I usually start my morning by browsing the latest news, markets, and even the latest facebook posts from my friends. As most of us get a little older, it not only takes a little more time to get the engine warmed up in the morning, we place a higher value on routine. This routine has served more than my tendency to procrastinate. It allows me an opportunity to gather my thoughts, keep in touch with what is going on and at least subconsciously plan my day a little better. Sometimes my plan backfires and I read an article that instead of getting my engine warmed up, it steps on the throttle and makes my mind race at full speed, sometimes because it gives me a new idea to try to incorporate but often because the news just hits me in all the wrong places. Yesterday, when I read the latest Drover’s article about whether the animal activists were in fact winning the war in their efforts to force change in production methods, it initially just made my blood boil. Others in agriculture had the same initial impression even going as far as condemneing the popular ag magazine as venturing towards treason against the industry. Others not in agriculture seemed surprised to see this position in an ag magazine.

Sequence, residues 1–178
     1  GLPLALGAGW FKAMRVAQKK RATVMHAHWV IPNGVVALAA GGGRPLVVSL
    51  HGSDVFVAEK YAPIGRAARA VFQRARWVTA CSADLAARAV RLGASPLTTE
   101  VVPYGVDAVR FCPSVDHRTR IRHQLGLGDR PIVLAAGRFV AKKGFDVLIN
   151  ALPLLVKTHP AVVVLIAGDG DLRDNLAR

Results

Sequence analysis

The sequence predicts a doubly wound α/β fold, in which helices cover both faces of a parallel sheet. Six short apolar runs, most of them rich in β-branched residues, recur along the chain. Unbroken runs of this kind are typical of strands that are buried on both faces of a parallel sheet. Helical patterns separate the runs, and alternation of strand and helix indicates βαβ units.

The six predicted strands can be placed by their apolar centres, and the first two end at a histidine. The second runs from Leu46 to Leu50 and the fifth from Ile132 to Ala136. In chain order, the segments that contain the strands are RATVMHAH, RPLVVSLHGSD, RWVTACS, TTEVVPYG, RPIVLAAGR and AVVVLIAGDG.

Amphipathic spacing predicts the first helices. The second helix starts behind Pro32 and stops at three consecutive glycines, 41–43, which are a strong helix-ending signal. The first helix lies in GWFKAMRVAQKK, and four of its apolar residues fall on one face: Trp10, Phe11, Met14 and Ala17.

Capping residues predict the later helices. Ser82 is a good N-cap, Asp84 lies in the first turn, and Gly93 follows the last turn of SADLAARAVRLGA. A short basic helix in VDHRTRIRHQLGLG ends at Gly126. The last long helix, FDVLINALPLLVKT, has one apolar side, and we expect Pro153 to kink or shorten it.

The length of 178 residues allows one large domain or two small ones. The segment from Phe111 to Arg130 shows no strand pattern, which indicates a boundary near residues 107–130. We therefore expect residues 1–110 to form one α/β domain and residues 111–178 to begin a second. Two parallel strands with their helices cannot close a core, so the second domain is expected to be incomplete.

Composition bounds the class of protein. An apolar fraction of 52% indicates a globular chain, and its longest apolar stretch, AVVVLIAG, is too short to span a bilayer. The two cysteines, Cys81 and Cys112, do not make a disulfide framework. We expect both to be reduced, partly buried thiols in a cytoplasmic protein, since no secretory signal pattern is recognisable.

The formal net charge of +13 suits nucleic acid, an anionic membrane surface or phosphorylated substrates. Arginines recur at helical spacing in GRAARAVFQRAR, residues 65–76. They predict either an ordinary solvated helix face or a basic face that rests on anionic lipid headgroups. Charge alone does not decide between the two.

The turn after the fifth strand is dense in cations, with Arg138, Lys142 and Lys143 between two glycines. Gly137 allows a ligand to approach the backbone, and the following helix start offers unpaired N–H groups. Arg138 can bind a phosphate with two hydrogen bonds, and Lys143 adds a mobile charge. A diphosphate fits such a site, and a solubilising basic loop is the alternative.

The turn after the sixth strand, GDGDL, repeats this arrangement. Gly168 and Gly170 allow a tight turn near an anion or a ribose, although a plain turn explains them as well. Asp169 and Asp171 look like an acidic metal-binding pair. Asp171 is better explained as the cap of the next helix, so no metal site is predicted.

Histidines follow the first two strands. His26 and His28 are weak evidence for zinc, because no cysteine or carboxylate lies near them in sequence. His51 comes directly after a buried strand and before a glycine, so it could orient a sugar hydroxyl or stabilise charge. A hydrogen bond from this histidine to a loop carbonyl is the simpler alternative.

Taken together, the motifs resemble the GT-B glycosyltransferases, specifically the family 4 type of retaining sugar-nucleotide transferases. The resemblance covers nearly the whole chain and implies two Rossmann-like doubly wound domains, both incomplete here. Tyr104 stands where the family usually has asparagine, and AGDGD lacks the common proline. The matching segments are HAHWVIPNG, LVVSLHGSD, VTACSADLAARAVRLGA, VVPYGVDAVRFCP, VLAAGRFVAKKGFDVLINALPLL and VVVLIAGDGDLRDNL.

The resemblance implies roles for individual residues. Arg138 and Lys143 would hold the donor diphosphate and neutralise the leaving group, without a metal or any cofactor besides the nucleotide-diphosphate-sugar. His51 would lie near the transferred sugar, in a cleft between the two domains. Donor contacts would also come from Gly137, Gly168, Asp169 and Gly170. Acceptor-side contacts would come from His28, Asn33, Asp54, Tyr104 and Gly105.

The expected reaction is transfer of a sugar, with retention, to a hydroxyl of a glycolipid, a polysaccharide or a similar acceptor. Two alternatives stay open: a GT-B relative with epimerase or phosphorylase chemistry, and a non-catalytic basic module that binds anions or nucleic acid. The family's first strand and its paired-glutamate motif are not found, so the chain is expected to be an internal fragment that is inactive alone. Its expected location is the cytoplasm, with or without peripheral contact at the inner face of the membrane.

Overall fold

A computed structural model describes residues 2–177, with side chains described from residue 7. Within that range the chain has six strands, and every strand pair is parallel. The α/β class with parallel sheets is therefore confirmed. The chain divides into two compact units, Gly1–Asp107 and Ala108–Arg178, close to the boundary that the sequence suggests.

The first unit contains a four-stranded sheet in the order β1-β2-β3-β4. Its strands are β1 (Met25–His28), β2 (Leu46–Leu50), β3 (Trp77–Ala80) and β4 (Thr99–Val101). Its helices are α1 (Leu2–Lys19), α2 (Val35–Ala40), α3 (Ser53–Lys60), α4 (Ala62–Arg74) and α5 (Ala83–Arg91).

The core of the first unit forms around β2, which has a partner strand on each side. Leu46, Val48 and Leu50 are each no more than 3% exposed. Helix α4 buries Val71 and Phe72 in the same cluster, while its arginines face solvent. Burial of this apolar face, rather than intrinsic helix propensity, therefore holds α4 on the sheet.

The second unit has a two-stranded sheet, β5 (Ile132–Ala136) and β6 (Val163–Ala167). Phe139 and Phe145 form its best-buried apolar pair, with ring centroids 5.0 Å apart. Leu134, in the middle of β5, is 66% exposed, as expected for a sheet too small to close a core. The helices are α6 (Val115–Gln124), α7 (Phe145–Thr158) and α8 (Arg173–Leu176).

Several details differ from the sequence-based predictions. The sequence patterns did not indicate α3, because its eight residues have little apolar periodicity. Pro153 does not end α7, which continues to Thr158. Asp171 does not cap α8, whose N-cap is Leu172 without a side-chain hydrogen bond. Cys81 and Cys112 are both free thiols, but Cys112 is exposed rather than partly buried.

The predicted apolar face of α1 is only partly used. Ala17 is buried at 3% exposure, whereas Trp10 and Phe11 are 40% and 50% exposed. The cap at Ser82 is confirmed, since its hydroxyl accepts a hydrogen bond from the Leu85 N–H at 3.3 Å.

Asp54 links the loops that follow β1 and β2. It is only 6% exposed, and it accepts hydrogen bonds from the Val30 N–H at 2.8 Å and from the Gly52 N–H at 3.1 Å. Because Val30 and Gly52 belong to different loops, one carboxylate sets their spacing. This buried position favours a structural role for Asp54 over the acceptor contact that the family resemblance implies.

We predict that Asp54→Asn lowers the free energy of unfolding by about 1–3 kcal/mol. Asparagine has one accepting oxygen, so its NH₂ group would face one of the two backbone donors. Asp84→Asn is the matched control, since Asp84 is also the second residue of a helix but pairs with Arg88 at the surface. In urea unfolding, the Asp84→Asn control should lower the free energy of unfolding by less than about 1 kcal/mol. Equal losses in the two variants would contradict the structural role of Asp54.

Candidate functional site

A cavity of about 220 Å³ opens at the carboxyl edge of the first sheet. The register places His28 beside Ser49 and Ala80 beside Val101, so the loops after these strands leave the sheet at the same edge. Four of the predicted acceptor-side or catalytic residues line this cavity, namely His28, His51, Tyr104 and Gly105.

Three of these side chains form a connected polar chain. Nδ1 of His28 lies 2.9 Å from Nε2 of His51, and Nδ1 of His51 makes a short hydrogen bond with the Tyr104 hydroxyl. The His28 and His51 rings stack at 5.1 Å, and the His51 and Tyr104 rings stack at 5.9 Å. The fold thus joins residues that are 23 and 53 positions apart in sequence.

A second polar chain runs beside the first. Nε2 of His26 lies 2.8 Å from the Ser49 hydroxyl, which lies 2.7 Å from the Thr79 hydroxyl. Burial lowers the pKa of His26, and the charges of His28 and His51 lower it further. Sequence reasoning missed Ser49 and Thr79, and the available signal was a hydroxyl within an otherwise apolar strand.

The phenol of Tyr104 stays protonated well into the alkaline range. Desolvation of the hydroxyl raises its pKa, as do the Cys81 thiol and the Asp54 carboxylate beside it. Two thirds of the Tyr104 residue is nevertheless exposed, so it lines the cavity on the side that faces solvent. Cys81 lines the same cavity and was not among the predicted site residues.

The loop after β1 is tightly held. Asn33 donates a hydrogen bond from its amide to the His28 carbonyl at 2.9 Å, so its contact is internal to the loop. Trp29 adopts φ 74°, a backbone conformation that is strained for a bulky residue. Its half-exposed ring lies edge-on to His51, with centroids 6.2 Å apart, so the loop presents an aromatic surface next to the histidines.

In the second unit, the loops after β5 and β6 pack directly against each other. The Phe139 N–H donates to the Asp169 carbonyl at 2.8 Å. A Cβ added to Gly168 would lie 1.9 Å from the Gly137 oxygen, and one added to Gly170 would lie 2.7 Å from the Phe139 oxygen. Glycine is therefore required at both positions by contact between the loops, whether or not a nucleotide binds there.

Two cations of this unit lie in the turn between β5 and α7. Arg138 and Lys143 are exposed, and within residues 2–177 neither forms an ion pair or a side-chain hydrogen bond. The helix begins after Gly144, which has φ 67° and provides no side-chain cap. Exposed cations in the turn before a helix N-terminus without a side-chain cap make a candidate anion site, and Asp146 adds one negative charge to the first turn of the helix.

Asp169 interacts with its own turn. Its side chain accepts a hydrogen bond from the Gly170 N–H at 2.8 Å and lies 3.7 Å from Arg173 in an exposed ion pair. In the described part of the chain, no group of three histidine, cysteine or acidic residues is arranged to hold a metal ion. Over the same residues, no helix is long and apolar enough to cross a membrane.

So was this treason or reason? The article brought up two major points. First, are some of the more extreme and vocal opponents of agriculture now becoming the principle source of information for not only the popular press but even many consumers? Secondly, if some practices used by agriculture are very difficult to defend, does it make sense to eliminate those practices in order to appease the majority of consumers? Even if a majority of consumers want a certain minimum standard imposing the majority view may have detrimental effects on the minority. As it relates to higher welfare standards if it substantially increases costs and therefore affordability it disproportionately impacts those who are the least food secure. Whether we like it or not we have to accept that todays typical consumer is more engaged and concerned about food production systems and that has not only provided a new opportunity for some farmers it also could pose some real threats to both individual farmers continuing to be able to do what they love and to overall food security. A good argument is that it is unwise to make our principle welfare and production systems based on the views of those often far removed from agriculture instead of based on our own experiences and the research of those who specialize in animal behavior. It is even more unwise to totally dismiss consumer sentiment.